Predictive Analytics in Education

Predictive analytics includes ways of using statistics, modeling and data mining in order to analyze current and historical facts in order to make predictions about future events.

It is something that has been used in business in order to identify risks as well as opportunities and improve decision making. Most references to it will be in the fields of actuarial science, marketing, financial services, insurance, telecommunications, travel, healthcare and others.

It got some press just recently as we discovered that the NSA was searching our online life and using predictive analytics to try to catch "the bad guys."

It is just starting to be used in any significant ways in in higher education. Some people see predictive analytics as a way to improve completion and student retention rates. There are now commercial systems and some schools are building their own ways to mine student data.

These systems might be looking at logins and usage patterns of student services, LMS activity, or content and digital textbook interactions. For example, using recruiting data to make predictions about future enrollments is something that has been done (perhaps without sophisticated software)  for the past decade. But using it for predicting retention of students is a much newer application.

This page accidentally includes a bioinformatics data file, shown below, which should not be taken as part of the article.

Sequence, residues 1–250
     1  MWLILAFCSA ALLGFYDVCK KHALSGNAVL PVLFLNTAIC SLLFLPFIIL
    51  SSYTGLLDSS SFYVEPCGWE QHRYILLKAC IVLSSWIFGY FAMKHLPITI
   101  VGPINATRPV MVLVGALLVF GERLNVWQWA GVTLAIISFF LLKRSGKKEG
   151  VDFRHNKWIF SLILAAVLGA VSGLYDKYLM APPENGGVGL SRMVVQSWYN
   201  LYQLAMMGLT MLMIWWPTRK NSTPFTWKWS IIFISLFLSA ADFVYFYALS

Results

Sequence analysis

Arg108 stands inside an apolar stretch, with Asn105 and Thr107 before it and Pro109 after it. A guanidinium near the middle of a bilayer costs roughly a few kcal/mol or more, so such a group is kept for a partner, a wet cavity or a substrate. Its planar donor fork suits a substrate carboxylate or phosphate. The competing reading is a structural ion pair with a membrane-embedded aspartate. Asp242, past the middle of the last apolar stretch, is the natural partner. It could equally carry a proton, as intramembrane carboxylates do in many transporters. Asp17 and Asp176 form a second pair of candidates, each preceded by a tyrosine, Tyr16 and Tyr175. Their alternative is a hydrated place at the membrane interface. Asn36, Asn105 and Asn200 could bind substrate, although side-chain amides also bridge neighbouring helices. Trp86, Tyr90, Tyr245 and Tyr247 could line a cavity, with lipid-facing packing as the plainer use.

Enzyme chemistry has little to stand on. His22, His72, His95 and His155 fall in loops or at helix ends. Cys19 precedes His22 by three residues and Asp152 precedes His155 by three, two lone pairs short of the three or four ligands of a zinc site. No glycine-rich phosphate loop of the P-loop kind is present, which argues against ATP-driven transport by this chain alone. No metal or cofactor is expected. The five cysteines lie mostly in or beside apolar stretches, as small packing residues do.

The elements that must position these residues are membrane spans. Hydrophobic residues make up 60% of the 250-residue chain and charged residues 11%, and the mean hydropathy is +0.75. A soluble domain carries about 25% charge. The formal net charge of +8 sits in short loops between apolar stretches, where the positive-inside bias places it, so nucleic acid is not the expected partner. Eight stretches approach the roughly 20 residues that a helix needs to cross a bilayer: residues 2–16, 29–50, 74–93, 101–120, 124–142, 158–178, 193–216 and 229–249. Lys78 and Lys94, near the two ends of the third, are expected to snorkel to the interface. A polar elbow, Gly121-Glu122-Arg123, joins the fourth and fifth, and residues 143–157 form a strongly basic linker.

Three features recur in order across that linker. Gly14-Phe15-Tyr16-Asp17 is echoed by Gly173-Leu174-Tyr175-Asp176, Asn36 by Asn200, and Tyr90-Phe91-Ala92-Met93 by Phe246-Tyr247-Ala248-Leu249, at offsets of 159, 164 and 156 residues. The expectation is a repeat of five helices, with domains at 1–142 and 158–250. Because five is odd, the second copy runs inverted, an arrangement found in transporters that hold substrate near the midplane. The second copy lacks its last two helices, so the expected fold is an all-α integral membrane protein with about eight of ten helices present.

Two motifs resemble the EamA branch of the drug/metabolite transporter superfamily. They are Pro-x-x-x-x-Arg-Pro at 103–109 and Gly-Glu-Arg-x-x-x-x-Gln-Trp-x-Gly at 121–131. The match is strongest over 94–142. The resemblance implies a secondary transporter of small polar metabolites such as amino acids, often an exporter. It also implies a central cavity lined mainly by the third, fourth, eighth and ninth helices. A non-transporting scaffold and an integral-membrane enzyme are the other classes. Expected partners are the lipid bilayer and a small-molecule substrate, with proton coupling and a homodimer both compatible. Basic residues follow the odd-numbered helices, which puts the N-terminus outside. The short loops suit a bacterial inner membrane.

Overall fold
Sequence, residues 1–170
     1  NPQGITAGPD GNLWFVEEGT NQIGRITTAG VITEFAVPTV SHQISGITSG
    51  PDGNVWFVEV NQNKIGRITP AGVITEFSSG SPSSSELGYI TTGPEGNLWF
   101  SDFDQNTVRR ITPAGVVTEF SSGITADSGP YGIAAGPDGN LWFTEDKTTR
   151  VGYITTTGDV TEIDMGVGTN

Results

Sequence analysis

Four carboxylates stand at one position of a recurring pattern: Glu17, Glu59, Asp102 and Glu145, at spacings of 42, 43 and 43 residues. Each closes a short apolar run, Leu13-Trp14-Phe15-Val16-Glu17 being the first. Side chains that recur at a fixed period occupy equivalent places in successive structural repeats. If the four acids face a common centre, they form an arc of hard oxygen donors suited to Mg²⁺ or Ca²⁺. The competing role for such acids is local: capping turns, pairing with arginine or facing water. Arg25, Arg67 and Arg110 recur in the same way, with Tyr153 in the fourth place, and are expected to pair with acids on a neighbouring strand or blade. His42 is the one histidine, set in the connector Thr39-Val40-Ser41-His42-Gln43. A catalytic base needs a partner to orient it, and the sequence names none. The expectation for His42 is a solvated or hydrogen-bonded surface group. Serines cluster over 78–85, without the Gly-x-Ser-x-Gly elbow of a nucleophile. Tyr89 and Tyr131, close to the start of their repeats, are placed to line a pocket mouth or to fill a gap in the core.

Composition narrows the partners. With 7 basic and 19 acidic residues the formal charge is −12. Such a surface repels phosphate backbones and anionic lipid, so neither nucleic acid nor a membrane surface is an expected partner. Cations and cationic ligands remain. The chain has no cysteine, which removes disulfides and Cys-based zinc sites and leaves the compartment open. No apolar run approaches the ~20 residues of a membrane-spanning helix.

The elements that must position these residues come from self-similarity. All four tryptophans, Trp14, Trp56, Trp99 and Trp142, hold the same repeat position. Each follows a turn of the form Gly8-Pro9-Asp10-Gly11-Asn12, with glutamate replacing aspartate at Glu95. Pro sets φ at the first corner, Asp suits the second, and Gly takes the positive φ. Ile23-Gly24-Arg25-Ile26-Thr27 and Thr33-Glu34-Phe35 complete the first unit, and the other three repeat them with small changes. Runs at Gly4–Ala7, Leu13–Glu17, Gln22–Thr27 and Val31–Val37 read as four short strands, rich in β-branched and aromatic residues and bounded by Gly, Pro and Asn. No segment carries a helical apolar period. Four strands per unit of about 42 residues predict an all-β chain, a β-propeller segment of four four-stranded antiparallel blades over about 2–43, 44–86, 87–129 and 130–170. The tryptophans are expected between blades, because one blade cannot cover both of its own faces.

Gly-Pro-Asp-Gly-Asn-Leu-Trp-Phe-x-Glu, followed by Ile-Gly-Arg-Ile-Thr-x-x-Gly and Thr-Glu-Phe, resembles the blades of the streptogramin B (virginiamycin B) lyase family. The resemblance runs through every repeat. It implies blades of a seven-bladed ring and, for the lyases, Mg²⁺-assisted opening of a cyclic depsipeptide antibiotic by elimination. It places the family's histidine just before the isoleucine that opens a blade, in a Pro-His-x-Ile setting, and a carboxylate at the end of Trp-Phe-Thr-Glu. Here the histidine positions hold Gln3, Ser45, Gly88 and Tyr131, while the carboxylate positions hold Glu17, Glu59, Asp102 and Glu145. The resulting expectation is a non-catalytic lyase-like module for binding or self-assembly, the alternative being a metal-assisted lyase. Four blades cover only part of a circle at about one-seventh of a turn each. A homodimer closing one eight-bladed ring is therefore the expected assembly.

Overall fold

One place you are more likely to find predictive analytics today is built into learning management systems. Desire2Learn is an LMS that I am reading about as they have introduced it into their product. They acquired Degree Compass earlier this year as a way to help teachers and also students and advisors make decisions. Desire2Learn calls their tool a "Student Success System" and, since student success is a big concern in colleges, it certainly will sound appealing to customers.

Through predictive analysis, data mined can help an instructor identify overall course risks and individual student progress or lack thereof. Some systems give data visualizations about student engagement in discussions, readings and assignments. If a course is built with valid learning outcomes and assessments for those outcomes, it can show what is working and what is not.

If there are multiple sections of a course and/or historical data on past instances, this can be a way of predicting program success and make necessary adjustments.

One of the desired uses of these analytics is to monitor at-risk students and allow interventions at the proper times.



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